The Tour de France champ discusses ADD, doping, Floyd Landis, Bernard Hinault and (yes) Lance Armstrong
Three-time Tour de France champion Greg LeMond discussed his struggles with attention deficit disorder, being abused as a 12-year-old, racing with (and against) Bernard Hinault, doping and Lance Armstrong on Saturday during a wide-ranging interview with Ger Gilroy posted as a podcast on the Irish website www.newstalk.ie.
Following are a few excerpted highlights:
“A lot of athletes have it. I’m kind of a guy who needs to be doing something to learn it. When I got into cycling, I would say that the sport itself took a fog off my brain. I was able to absorb stuff I read. It changed my life.”
“I was abused as a 12-year-old. That’s something that took a lot of work to overcome. But I think that part of my strength is facing adversity. I don’t really run away from stuff. I might feel like it, at times. But I’m kind of a survivor. In cycling — you can’t really give up in races, even when you’re really dying in a race. And I’ve won races because I don’t give up.”
On questioning the exploits of Lance Armstrong:
“At one point, I didn’t have a choice. I knew too much, let’s just say, from 2000 on. At first, after the Festina affair, the story that Armstrong had lost weight and come back, I bought into the story. But then I started hearing rumors. And the rumors were observations from people within the sport. In 2000 I heard some very disturbing stuff from somebody within the team. And I kind of backed away from cycling at that point. I knew I was in a zero, no-win situation.”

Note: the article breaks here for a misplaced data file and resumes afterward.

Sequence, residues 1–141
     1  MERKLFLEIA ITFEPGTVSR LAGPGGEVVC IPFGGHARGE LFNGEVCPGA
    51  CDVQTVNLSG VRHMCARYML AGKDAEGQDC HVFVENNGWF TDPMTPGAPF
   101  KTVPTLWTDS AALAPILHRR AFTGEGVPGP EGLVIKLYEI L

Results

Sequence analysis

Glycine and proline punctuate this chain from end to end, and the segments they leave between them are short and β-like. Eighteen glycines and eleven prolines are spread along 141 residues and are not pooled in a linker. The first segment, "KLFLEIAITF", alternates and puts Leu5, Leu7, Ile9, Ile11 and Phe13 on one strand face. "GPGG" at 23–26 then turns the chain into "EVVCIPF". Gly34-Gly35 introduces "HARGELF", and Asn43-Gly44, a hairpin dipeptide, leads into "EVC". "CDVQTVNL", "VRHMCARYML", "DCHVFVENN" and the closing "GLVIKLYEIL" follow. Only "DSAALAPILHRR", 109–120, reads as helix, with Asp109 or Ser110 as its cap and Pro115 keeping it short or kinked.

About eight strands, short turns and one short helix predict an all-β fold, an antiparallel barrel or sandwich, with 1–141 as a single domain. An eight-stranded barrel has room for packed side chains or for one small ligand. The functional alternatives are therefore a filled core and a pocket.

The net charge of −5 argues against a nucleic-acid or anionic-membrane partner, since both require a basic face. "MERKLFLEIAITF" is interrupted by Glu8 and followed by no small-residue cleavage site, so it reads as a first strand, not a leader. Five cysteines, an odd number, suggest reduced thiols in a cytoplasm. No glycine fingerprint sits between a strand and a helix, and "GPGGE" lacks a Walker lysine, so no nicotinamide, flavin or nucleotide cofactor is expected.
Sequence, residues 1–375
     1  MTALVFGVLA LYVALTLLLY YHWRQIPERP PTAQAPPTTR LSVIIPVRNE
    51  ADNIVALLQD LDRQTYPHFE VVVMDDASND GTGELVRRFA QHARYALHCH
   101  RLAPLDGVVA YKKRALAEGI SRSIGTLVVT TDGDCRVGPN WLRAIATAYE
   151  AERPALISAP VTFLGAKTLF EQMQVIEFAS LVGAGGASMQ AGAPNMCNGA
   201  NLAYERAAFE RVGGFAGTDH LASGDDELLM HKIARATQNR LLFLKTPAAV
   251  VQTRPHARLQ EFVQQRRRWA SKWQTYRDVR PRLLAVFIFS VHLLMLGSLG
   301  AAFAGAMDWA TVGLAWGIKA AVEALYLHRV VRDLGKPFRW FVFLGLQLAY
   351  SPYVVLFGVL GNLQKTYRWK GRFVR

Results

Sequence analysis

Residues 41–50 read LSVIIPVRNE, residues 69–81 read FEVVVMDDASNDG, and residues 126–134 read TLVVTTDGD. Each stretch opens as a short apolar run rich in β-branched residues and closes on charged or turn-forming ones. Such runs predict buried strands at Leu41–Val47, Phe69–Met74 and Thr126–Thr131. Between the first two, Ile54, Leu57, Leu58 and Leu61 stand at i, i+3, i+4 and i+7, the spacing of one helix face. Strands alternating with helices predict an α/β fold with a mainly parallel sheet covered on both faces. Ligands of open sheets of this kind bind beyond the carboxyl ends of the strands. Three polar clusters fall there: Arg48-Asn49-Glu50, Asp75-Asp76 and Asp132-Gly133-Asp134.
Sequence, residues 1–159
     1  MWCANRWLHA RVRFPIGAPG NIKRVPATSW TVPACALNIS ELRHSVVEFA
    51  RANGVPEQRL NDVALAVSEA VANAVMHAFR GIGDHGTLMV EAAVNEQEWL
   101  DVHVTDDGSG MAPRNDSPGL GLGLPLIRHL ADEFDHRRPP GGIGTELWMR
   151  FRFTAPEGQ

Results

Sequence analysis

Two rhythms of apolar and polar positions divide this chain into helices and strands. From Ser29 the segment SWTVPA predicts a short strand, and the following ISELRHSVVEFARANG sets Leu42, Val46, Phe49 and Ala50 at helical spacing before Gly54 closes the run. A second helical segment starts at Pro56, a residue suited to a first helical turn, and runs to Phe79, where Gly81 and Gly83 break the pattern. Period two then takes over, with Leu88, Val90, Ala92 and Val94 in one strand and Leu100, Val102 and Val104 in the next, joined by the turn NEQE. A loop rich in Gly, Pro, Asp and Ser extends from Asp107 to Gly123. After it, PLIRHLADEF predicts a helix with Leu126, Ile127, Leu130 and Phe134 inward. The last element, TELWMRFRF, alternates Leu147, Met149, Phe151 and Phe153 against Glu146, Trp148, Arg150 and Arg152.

“In the months or years to come there will be a lot of stuff, probably, revealed. It’s not going to be just a black period for doping. … He’s destroyed people. If you go against him he tries to destroy you. He’s been trying that for 10 years with me.”
On reduced sanctions for riders who give up their suppliers:
“I’d much rather have a Floyd (Landis) come out and admit it, but give up his source, because somebody’s giving those drugs to somebody. And it’s usually a doctor, a team manager, somebody. And if they do that and it leads to an outing of those guys, I’m all for them racing within six months. Second time, you’re out. All these doctors — they’re the same ones that were doping riders in the Eighties and Nineties. They’re still there. So it’s those guys, and the people who aren’t willing to change that, who need to go.”
“The riders will play by whatever rules are there. The rules can be improved. Part of that is using science; power outputs, strain gauges. I don’t think we need to suspend people for using Rogaine; it’s the big, massive oxygen drugs we need to push out of the sport, so people can actually have a chance to win the race without having to dope themselves to the max.”
On the sport of cycling:
“I love the sport. Faith in the sport being totally clean? I’ve got to be realistic and say I don’t know if that’s totally possible. Oh, it’ll recover. The question is, do people really care? I think they do.”
On Paul Kimmage and his battle with the UCI:
“I’ll say I’ve donated money to his fund. And the crazy thing is that Paul is — he actually is one of the best writers out there … and he’s doing this because he knows what’s going on. I think it’s a joke, I think, what the UCI is doing. … They sent me the same, threatening lawsuits. I’m an American, and Switzerland has no jurisdiction over me. Sue me all you want. Go to the United States — that’s what I suggested. Come to the United States and sue us.”
For the entire interview, see www.newstalk.ie.